Whereas major changes have taken place in our diet over the past 10,000 years since the beginning of the Agricultural Revolution, our genes have not changed. The spontaneous mutation rate for nuclear DNA is estimated at 0.5% per million years. Therefore, over the past 10,000 years there has been time for very little change in our genes, perhaps 0.005%. In fact, our genes today are very similar to the genes of our ancestors during the Paleolithic period 40,000 years ago, at which time our genetic profile was established. Humans today live in a nutritional environment that differs from that for which our genetic constitution was selected. Studies on the evolutionary aspects of diet indicate that major changes have taken place in our diet, particularly in the type and amount of essential fatty acids (EFA) and in the antioxidant content of foods.

Today, industrialized societies are characterized by (1) an increase in energy intake
and decrease in energy expenditure; (2) an increase in saturated fat, omega–6 fatty
acids and trans fatty acids, and a decrease in omega–3 fatty acid intake; (3) a decrease
in complex carbohydrates and fiber; (4) an increase in cereal grains and a decrease in
fruits and vegetables, and (5) a decrease in protein, antioxidants and calcium intake
[7, 9, 12–16] (tables 1 and 2). The increase in trans fatty acids is detrimental to health
as shown in table 3 [17]. In addition, trans fatty acids interfere with the desaturation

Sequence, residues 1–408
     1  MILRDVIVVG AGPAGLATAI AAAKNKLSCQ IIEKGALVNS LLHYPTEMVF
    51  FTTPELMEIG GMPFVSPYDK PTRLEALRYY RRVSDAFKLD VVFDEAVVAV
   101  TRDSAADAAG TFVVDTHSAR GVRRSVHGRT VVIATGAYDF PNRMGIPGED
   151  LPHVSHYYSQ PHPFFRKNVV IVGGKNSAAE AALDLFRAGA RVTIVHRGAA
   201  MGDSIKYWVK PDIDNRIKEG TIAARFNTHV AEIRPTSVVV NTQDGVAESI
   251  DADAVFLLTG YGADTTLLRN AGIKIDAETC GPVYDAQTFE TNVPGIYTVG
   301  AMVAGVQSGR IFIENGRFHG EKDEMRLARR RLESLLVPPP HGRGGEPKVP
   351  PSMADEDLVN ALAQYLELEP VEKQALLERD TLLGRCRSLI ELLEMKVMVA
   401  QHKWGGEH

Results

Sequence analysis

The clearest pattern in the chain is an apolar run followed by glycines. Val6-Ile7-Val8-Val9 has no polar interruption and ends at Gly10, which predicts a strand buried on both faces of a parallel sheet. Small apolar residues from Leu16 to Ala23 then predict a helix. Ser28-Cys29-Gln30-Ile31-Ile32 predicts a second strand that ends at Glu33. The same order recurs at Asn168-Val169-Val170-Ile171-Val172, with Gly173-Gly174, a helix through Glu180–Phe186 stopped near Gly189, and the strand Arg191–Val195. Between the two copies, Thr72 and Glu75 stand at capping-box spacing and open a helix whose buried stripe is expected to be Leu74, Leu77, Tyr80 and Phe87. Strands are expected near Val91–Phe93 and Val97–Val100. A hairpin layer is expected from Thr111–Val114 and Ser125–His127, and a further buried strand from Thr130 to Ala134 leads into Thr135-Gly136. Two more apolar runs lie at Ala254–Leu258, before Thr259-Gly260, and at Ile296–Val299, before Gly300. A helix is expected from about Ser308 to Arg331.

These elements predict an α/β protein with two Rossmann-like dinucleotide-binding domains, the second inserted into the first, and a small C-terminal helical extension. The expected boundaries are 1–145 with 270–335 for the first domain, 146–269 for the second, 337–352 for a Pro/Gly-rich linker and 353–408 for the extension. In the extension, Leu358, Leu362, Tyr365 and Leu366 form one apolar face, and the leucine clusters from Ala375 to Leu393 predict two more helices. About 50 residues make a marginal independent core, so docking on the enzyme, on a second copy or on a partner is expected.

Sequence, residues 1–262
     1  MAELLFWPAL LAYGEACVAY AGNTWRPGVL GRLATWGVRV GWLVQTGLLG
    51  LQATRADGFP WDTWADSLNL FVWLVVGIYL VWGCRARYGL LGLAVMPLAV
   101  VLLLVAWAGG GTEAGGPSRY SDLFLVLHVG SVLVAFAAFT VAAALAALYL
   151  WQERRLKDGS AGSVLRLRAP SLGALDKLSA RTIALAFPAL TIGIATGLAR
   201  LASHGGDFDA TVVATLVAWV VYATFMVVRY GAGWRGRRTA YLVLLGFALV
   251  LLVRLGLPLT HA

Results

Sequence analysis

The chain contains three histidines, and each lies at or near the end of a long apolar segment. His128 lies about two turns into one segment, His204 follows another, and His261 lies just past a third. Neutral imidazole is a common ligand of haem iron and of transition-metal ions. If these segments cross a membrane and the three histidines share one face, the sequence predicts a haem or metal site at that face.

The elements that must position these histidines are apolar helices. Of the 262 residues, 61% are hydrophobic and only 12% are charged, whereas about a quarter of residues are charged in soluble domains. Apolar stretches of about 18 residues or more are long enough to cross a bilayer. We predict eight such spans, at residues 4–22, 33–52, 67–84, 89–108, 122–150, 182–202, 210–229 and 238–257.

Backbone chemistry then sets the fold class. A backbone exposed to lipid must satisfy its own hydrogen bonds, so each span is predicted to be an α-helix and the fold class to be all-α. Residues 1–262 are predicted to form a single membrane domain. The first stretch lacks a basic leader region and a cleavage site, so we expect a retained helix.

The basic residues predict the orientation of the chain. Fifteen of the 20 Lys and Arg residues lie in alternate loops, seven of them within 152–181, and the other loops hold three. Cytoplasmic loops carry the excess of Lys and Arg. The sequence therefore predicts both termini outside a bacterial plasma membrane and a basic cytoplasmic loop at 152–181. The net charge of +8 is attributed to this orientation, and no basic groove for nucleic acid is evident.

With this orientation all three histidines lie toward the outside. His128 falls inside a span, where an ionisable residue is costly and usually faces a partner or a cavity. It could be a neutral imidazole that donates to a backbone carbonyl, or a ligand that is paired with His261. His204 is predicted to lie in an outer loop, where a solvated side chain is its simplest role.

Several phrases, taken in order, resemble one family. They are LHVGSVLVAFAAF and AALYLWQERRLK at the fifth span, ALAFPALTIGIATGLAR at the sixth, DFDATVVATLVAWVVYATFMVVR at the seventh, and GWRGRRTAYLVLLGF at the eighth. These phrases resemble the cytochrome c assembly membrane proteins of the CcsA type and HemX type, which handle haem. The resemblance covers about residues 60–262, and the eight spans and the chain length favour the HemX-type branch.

and elongation of both omega–6 and omega–3 fatty acids, thus further decreasing the
amount of arachidonic acid (AA), eicosapentaenoic acid (EPA) and docosahexaenoic
acid (DHA) availability for human metabolism [18].
The beneficial health effects of omega–3 fatty acids, EPA and DHA were described
first in the Greenland Eskimos who consumed a high seafood diet and had low rates
of coronary heart disease, asthma, type 1 diabetes mellitus, and multiple sclerosis.
Since that observation, the beneficial health effects of omega–3 fatty acids have been
extended to include benefits related to cancer, inflammatory bowel disease, rheumatoid
arthritis, and psoriasis [19].

Whereas evolutionary maladaptation leads to reproductive restriction (or differential
fertility), the rapid changes in our diet, particularly the last 150 years, are potent
promoters of chronic diseases such as atherosclerosis, essential hypertension, obesity,
diabetes, arthritis and other autoimmune diseases, and many cancers, especially
cancer of the breast [20], colon [21], and prostate [22]. In addition to diet, sedentary
lifestyles and exposure to noxious substances interact with genetically controlled biochemical
processes leading to chronic diseases.
In this review, I discuss the importance of the balance of omega–6 and omega–3
EFA, their physiologic function and mechanisms involved in the reduction of inflammatory
processes and gene expression. Inflammation is at the base of many chronic
diseases. A balanced omega–6:omega–3 fatty acid ratio is essential in the prevention
and treatment of coronary artery disease, hypertension, diabetes, arthritis, osteoporosis,
other inflammatory and autoimmune disorders, cancer and mental health.